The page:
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Tracking the Sun’s Cycles

Tracking the Sun’s Cycles

Scientists just announced that our Sun is in a new cycle.

Solar activity has been relatively low over the past few years, and now that scientists have confirmed solar minimum was in December 2019, a new solar cycle is underway — meaning that we expect to see solar activity start to ramp up over the next several years.


The Sun goes through natural cycles, in which the star swings from relatively calm to stormy. At its most active — called solar maximum — the Sun is freckled with sunspots, and its magnetic poles reverse. At solar maximum, the Sun’s magnetic field, which drives solar activity, is taut and tangled. During solar minimum, sunspots are few and far between, and the Sun’s magnetic field is ordered and relaxed.


Understanding the Sun’s behavior is an important part of life in our solar system. The Sun’s violent outbursts can disturb the satellites and communications signals traveling around Earth, or one day, Artemis astronauts exploring distant worlds. Scientists study the solar cycle so we can better predict solar activity.


Measuring the solar cycle

Surveying sunspots is the most basic of ways we study how solar activity rises and falls over time, and it’s the basis of many efforts to track the solar cycle. Around the world, observers conduct daily sunspot censuses. They draw the Sun at the same time each day, using the same tools for consistency. Together, their observations make up the international sunspot number, a complex task run by the World Data Center for the Sunspot Index and Long-term Solar Observations, at the Royal Observatory of Belgium in Brussels, which tracks sunspots and pinpoints the highs and lows of the solar cycle. Some 80 stations around the world contribute their data.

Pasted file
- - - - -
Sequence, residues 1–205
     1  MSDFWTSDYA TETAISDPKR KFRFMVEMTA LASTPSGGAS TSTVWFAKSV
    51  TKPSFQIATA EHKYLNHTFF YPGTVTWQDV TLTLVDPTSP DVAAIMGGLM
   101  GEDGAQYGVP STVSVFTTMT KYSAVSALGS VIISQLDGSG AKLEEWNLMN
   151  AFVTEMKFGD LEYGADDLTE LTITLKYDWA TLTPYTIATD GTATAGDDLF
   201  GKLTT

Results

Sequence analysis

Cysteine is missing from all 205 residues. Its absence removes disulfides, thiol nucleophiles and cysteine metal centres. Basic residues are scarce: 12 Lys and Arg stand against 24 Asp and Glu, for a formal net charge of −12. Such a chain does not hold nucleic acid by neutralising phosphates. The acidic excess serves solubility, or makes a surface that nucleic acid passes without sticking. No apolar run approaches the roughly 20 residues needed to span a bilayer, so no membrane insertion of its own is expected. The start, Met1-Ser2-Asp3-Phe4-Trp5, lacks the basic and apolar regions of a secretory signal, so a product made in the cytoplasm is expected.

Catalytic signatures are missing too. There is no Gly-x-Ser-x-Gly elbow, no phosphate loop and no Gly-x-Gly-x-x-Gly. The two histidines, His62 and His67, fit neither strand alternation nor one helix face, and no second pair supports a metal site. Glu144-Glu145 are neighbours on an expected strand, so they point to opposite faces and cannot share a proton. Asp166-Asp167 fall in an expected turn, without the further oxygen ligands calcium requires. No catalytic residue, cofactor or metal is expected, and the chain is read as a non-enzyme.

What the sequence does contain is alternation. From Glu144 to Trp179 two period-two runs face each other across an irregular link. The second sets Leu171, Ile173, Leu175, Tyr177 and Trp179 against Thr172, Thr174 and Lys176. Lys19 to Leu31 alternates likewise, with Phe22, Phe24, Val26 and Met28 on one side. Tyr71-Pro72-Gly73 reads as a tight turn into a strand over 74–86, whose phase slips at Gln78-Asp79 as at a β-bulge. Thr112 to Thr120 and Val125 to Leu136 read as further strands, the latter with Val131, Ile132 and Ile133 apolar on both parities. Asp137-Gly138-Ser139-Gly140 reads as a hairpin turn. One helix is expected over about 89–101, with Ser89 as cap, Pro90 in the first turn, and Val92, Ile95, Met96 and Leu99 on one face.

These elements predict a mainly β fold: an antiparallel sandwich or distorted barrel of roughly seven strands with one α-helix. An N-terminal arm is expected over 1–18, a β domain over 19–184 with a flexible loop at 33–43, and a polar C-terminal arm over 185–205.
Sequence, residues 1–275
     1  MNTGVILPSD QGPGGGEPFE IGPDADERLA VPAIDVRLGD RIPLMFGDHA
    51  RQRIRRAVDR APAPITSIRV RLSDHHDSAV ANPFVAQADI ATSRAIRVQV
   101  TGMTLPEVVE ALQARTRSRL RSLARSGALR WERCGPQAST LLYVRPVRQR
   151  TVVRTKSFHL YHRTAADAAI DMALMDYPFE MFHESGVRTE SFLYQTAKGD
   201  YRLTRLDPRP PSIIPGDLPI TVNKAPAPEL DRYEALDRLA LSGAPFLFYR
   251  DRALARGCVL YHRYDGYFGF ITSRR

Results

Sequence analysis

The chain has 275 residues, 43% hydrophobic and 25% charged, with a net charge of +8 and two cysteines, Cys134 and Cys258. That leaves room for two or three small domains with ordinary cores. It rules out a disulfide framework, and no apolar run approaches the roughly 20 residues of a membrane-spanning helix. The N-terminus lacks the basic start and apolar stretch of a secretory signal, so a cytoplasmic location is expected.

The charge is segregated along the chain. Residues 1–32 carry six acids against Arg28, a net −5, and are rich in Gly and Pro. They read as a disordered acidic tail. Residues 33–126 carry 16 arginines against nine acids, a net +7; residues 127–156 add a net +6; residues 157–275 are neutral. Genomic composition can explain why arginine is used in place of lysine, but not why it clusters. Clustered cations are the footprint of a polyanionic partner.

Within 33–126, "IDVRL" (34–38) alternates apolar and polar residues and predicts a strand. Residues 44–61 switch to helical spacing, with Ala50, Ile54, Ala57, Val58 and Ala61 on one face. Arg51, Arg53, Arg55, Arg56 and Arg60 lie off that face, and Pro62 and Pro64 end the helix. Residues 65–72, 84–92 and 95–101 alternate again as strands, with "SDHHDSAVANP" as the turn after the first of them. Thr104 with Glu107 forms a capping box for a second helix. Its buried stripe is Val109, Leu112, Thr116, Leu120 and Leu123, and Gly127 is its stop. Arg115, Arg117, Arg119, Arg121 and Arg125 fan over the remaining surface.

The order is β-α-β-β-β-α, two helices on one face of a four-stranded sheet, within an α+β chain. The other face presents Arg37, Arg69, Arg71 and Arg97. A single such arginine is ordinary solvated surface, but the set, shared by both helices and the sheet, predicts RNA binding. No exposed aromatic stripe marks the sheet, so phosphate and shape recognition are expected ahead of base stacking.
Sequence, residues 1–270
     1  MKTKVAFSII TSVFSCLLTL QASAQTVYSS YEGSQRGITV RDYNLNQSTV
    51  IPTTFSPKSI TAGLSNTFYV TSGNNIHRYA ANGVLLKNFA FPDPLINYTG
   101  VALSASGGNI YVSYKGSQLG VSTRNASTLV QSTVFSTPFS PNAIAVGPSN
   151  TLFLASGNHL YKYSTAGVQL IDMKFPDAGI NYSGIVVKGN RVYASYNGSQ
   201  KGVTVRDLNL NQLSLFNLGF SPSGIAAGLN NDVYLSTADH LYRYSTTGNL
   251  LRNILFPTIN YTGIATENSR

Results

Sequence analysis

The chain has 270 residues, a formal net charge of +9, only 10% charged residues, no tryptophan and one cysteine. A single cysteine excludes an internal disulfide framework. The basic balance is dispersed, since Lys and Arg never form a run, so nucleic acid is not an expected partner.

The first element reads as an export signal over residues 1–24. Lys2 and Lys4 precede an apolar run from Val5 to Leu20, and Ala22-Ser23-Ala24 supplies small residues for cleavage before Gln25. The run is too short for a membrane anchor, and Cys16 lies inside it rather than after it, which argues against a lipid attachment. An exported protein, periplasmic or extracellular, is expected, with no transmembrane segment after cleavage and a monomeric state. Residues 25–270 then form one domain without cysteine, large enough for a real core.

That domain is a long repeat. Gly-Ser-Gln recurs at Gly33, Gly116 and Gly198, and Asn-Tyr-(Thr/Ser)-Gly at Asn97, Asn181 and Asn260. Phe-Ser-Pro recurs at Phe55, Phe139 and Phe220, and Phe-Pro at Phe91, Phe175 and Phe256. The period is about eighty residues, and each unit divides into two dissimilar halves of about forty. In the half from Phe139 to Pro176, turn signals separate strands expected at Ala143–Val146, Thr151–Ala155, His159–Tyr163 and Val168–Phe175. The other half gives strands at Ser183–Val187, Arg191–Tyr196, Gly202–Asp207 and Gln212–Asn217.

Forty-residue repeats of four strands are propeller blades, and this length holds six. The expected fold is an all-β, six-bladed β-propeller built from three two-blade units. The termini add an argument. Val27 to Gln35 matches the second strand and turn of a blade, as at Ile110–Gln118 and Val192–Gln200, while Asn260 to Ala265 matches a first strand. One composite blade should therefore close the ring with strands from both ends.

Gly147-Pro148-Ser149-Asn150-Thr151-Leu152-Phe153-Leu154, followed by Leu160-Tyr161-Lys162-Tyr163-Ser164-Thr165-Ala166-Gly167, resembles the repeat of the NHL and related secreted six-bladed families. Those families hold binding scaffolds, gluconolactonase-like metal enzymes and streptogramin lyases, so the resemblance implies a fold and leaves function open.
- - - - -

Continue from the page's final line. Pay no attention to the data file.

Credit: USET data/image, Royal Observatory of Belgium, Brussels

Other indicators besides sunspots can signal when the Sun is reaching its low. In previous cycles, scientists have noticed the strength of the Sun’s magnetic field near the poles at solar minimum hints at the intensity of the next maximum. When the poles are weak, the next peak is weak, and vice versa.

Another signal comes from outside the solar system. Cosmic rays are high-energy particle fragments, the rubble from exploded stars in distant galaxies that shoot into our solar system with astounding energy. During solar maximum, the Sun’s strong magnetic field envelops our solar system in a magnetic cocoon that is difficult for cosmic rays to infiltrate. In off-peak years, the number of cosmic rays in the solar system climbs as more and more make it past the quiet Sun. By tracking cosmic rays both in space and on the ground, scientists have yet another measure of the Sun’s cycle.


Since 1989, an international panel of experts—sponsored by NASA and NOAA—meets each decade to make their prediction for the next solar cycle. The prediction includes the sunspot number, a measure of how strong a cycle will be, and the cycle’s expected start and peak. This new solar cycle is forecast to be about the same strength as the solar cycle that just ended — both fairly weak. The new solar cycle is expected to peak in July 2025.

Learn more about the Sun’s cycle and how it affects our solar system at

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